A Longitudinal Study of Invention and Understanding in Children's Multidigit Addition and Subtraction
Thomas P. Carpenter, Megan L. Franke, Victoria R. Jacobs, Elizabeth Fennema, Susan B. Empson
This 3-year longitudinal study investigated the development of 82 children's understanding of multidigit number concepts and operations in Grades 1-3. Students were individually interviewed five times on a variety of tasks involving base-ten number concepts and addition and subtraction problems. The study provides an existence proof that children can invent strategies for adding and subtracting and illustrates both what that invention affords and the role that different concepts may play in that invention. About 90% of the students used invented strategies. Students who used invented strategies before they learned standard algorithms demonstrated better knowledge of base-ten number concepts and were more successful in extending their knowledge to new situations than were students who initially learned standard algorithms.
Computer-Intensive Algebra and Students' Conceptual Knowledge of Functions
Brian R. O'Callaghan
describes a research project that examined the effects of the
Computer-Intensive Algebra (CIA) and traditional algebra curricula on
students' understanding of the function concept. The foundation for the
research is a proposed conceptual framework that describes function knowledge
in terms of component competencies. The results indicated that the CIA
students achieved a better overall understanding of functions and were better
at the components of modeling, interpreting, and translating. No significant
differences were found for reifying, which emerged as the most difficult
component in the proposed function model. Further, the CIA students showed
significant improvements in their attitudes toward mathematics, were less
anxious about mathematics, and rated their class as more interesting. A
higher percentage of students successfully completed the CIA course.
Open and Closed Mathematics: Student Experiences and Understandings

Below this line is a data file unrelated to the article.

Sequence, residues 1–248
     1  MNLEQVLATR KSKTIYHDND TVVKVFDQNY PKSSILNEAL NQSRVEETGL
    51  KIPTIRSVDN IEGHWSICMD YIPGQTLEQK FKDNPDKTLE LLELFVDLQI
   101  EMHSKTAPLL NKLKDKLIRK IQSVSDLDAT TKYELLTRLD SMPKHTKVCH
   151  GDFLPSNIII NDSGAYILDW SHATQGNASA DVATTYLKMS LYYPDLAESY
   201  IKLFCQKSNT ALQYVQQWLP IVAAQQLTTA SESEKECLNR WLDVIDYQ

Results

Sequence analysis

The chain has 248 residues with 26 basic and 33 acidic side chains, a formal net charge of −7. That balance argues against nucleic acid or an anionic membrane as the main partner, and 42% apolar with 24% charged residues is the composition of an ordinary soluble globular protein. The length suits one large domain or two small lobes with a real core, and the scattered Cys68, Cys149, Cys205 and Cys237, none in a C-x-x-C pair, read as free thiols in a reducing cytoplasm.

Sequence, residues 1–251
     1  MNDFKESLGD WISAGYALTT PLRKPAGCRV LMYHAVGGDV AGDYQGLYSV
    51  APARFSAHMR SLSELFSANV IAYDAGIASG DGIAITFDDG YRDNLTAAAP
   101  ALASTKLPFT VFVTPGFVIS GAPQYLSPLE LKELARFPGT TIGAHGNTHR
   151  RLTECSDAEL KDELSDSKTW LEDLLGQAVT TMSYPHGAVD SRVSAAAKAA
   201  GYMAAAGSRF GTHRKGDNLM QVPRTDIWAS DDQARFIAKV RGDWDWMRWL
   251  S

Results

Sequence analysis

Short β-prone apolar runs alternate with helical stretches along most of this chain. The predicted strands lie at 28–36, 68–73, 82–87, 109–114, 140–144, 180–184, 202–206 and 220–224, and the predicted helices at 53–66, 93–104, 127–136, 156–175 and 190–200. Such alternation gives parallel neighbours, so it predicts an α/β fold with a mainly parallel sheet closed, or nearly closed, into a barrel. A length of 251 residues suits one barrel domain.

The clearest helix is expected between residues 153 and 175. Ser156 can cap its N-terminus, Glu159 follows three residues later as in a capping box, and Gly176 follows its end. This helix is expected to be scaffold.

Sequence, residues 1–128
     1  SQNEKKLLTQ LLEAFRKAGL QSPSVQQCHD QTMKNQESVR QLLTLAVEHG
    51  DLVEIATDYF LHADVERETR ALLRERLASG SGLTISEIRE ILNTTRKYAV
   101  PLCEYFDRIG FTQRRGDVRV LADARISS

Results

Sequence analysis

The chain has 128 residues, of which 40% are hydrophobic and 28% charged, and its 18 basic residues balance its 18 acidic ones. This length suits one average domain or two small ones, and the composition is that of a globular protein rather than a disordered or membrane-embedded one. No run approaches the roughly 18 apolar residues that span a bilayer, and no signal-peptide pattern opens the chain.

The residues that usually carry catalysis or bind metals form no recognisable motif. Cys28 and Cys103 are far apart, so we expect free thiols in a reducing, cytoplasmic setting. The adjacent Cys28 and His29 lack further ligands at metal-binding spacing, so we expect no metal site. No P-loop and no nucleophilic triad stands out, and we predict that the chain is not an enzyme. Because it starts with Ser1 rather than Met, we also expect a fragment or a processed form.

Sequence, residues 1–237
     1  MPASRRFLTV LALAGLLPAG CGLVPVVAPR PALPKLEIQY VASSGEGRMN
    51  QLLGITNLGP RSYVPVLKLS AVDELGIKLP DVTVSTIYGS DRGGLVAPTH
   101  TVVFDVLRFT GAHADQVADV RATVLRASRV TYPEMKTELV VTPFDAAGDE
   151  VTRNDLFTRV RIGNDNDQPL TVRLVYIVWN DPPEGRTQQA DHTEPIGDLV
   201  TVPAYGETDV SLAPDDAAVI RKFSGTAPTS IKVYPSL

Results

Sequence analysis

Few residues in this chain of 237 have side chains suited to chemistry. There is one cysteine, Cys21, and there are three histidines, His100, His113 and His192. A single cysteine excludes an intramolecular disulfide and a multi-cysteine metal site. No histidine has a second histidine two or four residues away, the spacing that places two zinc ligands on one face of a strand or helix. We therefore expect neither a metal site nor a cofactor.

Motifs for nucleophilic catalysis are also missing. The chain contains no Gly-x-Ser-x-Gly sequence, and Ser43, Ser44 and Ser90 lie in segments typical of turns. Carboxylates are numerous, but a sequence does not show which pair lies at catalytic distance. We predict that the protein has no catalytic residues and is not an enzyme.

This paper reports
on three-year case studies of two schools with alternative mathematical teaching
approaches. One school used a traditional, textbook approach; the other used
open-ended activities at all times. Using various forms of case study data,
including observations, questionnaires, interviews, and quantitative
assessments, I will show the ways in which the 2 approaches encouraged
different forms of knowledge. Students who followed a traditional approach
developed a procedural knowledge that was of limited use to them in
unfamiliar situations. Students who learned mathematics in an open,
project-based environment developed a conceptual understanding that provided
them with advantages in a range of assessments and situations. The project
students had been "apprenticed" into a system of thinking and using
mathematics that helped them in both school and nonschool settings.
The Construction of the Social Context of Mathematics Classrooms: A Sociolinguistic Analysis
Bill Atweh, Robert E. Bleicher, Tom J. Cooper
This study employed
sociolinguistic perspectives developed by Michael Halliday to investigate the
social context of two mathematics classrooms that differed in the socioeconomic
backgrounds and genders of their students. Our analysis focused on the
effects of these two factors on teacher perceptions of student needs and
abilities and on how these perceptions shaped the discourse in the classroom.
We argue that as mathematical knowledge is being constructed in the
classroom, the student participants are being constructed by the teachers
according to their ability in and need for different dialects of mathematics
that have different values in our Western culture.
Children's Problem Posing Within Formal and Informal Contexts
Lyn D. English
investigated the problem-posing abilities of third-grade children who
displayed different profiles of achievement in number sense and novel problem
solving. The study addressed (a) whether children recognize formal symbolism
as representing a range of problem situations, (b) whether children generate
a broader range of problem types for informal number situations, (c) how
children from different achievement profiles respond to problem-posing
activities in formal and informal contexts, and (d) whether children's
participation in a problem-posing program leads to greater diversity in
problems posed. Among the findings were children's difficulties in posing a
range of problems in formal contexts, in contrast to informal contexts.
Children from different achievement profiles displayed different response
patterns, reflected in the balance of structural and operational complexity
shown in their problems.